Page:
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Terrorism Fears Prompt Highest Airport Security Since Gulf War

October 2, 1995

WASHINGTON (AP) _ Airports across the nation were ordered into the highest state of security since the Persian Gulf War on Sunday as a defense against possible terrorist attacks.

Secretary of Transportation Federico Pena didn’t cite any specific threats in issuing the order, saying only, ``Based on several current and future events, more security measures are now warranted.″

But a department official said the increased security was related to several sensitive events _ a group of militant Muslims being found guilty Sunday in a New York terrorism trial, the signing of a Mideast peace treaty last week, the visit this week by Pope John Paul II and the United Nations’ 50th anniversary celebration later this month.

``There is a general level of possible threats that we’re vulnerable to because of several things,″ said the official, who spoke on the condition that he remain anonymous. ``We’re not seeing threats related only to transportation issues, either. I would expect within the next few days or next few weeks to see a general tightening of security everywhere.″

The stricter airport security measures could include closing off rooftop parking lots, searching cars, towing vehicles left unattended outside terminals, asking for picture identification of suspicious persons, searching baggage, and ending non-passenger access to certain airport areas.

Tara Hamilton, a spokeswoman for the National and Dulles International airports just outside of Washington, said passengers shouldn’t expect many delays because people already seem used to stepped up security. Most international passengers arrive two hours ahead of scheduled flights and domestic travelers now are counseled to arrive one hour before takeoff.

``What people might notice is an increase in surveillance by airport police,″ Hamilton said. ``And we’ll have increased announcements over the (public address) system reminding people to keep an eye on their luggage...This is all in place, but it will be stepped up.″

At Chicago’s Midway and O’Hare International Airport beginning Wednesday passengers must be prepared to show a government-issued identification such as a driver’s license or passport, and searches are possible.

``Other than that, everything else is not discernible to the public,″ said Lisa Howard, a spokeswoman for Chicago’s Aviation Department. ``These measures are not as stringent as what we saw with the Persian Gulf War, which allowed ticketed passengers only and had no skycap check-in.″

The Clinton administration began a security crackdown at federal buildings in the spring after the April 19 bombing of a federal building in Oklahoma City killed 169 people. Two Americans have been charged in that explosion.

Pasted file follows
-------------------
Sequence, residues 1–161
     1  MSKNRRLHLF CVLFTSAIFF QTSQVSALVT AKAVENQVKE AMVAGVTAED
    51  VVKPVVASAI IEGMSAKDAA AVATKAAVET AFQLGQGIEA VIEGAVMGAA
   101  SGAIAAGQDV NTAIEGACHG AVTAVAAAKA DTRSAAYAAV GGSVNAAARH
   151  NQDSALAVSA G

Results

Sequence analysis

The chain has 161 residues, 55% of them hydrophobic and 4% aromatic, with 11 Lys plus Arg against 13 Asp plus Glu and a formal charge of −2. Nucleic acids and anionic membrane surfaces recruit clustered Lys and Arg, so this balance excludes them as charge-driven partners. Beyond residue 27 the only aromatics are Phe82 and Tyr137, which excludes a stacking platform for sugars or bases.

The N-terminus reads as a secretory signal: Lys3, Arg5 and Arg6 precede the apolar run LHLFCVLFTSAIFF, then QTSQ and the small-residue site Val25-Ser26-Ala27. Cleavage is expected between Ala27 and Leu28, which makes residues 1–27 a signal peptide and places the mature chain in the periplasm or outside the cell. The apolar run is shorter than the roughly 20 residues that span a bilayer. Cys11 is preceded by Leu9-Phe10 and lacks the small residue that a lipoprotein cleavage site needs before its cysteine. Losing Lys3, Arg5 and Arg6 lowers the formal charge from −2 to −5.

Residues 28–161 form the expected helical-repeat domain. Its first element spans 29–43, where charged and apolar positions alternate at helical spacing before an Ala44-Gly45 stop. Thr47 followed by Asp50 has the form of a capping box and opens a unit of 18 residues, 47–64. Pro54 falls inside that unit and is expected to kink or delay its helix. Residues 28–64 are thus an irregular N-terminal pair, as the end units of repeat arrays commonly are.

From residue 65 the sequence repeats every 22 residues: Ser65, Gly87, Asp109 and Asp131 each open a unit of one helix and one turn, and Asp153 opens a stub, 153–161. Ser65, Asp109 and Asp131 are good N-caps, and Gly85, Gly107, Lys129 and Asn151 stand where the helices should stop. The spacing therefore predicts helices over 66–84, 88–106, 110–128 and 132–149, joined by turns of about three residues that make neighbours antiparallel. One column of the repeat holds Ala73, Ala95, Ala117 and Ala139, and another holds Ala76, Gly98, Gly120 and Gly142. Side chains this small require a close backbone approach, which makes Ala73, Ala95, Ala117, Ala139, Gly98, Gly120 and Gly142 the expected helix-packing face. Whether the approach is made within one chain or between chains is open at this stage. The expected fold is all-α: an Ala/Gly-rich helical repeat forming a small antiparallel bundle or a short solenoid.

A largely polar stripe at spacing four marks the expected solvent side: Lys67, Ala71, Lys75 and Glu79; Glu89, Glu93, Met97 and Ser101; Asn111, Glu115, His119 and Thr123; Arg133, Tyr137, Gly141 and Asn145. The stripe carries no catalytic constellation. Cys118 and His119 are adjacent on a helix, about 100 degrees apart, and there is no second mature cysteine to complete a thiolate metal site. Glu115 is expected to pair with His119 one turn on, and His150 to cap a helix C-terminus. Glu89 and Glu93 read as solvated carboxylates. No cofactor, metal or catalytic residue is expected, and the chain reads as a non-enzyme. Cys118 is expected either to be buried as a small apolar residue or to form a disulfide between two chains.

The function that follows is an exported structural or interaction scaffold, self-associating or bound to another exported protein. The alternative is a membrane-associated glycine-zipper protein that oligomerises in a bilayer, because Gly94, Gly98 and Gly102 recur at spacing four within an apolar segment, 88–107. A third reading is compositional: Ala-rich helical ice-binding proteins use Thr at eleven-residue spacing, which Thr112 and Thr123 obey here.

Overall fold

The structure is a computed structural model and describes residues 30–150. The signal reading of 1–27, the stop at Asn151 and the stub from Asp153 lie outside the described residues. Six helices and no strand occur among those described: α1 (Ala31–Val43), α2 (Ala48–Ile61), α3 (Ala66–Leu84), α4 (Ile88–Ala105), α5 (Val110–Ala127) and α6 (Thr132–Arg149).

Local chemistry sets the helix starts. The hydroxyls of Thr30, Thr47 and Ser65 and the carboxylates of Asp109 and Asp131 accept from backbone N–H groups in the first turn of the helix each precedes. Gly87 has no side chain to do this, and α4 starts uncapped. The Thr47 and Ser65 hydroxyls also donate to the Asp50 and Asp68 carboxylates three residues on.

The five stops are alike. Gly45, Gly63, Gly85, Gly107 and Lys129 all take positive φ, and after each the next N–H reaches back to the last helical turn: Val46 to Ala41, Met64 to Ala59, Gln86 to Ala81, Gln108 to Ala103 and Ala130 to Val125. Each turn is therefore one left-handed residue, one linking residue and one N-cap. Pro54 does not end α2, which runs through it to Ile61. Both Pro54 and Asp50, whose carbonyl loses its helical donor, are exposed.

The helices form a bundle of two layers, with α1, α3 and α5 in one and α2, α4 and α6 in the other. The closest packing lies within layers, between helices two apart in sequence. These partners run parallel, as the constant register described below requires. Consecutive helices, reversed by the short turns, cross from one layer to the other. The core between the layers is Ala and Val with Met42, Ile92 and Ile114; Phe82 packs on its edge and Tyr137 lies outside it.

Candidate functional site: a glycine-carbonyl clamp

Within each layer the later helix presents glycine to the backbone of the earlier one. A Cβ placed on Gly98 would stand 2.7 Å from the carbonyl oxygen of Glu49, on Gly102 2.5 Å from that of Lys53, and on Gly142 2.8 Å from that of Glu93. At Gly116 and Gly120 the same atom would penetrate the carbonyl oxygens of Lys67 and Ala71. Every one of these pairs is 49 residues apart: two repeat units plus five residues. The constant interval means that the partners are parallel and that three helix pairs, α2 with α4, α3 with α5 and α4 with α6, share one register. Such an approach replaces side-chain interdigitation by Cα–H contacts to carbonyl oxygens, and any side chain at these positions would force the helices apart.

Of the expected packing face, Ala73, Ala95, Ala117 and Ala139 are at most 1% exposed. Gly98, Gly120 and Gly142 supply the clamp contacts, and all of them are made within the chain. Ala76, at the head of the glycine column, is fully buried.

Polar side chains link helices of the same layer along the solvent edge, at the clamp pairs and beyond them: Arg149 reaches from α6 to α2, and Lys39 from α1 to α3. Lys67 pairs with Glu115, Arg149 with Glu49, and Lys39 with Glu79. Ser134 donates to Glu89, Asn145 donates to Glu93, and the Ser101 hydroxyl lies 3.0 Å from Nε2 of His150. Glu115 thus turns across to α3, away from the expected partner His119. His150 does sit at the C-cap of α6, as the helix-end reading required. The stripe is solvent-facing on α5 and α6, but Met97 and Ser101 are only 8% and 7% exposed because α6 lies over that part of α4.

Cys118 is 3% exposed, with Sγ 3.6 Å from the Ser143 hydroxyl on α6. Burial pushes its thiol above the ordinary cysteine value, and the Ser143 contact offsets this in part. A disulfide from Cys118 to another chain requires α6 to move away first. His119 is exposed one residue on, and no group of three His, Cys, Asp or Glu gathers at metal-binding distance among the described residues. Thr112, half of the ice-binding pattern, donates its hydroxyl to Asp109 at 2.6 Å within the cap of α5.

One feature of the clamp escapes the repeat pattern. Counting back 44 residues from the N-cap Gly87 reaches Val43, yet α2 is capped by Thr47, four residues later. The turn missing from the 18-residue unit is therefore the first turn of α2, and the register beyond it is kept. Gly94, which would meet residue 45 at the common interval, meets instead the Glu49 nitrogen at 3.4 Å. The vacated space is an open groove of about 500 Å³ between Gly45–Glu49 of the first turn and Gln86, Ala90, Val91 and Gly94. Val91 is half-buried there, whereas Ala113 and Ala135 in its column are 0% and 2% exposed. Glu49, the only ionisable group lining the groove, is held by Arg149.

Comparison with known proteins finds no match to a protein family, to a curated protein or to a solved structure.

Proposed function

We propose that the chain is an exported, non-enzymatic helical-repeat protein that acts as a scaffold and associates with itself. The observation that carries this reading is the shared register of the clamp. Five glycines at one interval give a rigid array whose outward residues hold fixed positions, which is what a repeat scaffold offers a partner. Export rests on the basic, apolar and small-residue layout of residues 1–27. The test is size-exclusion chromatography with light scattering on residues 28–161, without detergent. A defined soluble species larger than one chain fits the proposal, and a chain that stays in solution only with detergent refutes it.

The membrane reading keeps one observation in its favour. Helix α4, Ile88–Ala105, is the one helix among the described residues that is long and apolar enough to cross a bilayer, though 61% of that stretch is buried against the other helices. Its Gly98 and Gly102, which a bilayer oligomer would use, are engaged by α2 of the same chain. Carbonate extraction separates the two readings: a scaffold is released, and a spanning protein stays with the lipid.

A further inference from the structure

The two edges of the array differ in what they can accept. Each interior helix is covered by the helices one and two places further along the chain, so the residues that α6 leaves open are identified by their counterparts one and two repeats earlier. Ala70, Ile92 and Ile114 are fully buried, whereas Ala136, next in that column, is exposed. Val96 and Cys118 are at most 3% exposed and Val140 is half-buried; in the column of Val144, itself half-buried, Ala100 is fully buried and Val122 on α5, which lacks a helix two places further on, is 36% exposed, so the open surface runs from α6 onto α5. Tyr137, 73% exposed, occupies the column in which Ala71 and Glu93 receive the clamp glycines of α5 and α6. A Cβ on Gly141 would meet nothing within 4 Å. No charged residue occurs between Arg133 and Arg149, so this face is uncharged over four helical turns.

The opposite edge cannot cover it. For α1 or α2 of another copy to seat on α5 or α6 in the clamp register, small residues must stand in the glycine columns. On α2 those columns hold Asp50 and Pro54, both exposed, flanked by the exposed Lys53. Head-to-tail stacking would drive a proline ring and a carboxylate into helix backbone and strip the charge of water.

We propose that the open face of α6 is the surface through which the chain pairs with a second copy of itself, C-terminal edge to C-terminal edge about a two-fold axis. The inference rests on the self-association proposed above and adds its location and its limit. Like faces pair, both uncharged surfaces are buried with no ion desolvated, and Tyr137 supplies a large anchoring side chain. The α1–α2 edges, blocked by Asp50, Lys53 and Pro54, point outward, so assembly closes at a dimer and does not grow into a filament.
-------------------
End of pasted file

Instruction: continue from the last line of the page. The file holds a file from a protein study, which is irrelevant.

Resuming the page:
The bombing led to widespread heightening of security around federal facilities. It helped prompt the decision to block vehicle traffic on Pennsylvania Avenue outside the White House.

On Aug. 9, Pena ordered a ``heightened state of alert″ for transportation facilities nationwide after President Clinton called for a review of airport security procedures.

The administration refused to reveal details of any threats, but Newsday reported that the FBI had received intelligence that two militant groups _ the Palestinian Hamas and the Iran-backed Hezbollah, or Party of God _ were planning a ``suicide massacre.″ The reported threats appeared related to the then-ongoing terrorist conspiracy trial of Sheik Omar Abdel-Rahman and nine other militant Muslims and to U.S. plans to extradite a reputed Hamas leader, Mousa Abu Marzuk, to Israel.

On Sunday, Pena announced that he has asked Federal Aviation Administrator David Hinson to direct airport authorities and air carriers within the United states to begin implementing the higher security rules as outlined in a ``directive″ issued by the FAA in early August.

``The decision to increase security is based upon an assessment provided by federal law enforcement and intelligence agencies, combined with an analysis of the current state of affairs,″ Pena said in a statement.

``There has been no specific threat to aviation or any other form of transportation, but we are dealing with a general threat against all U.S. interests at home and abroad.″

Pena said travelers could help avoid delays by:

_Clearly labeling luggage and maintaining control of bags.

_Observing parking and unloading restrictions.

_Remaining alert for any suspicious, unattended bags, parcels or other items and reporting them to security.

_Being prepared to show identification and answer questions about baggage.

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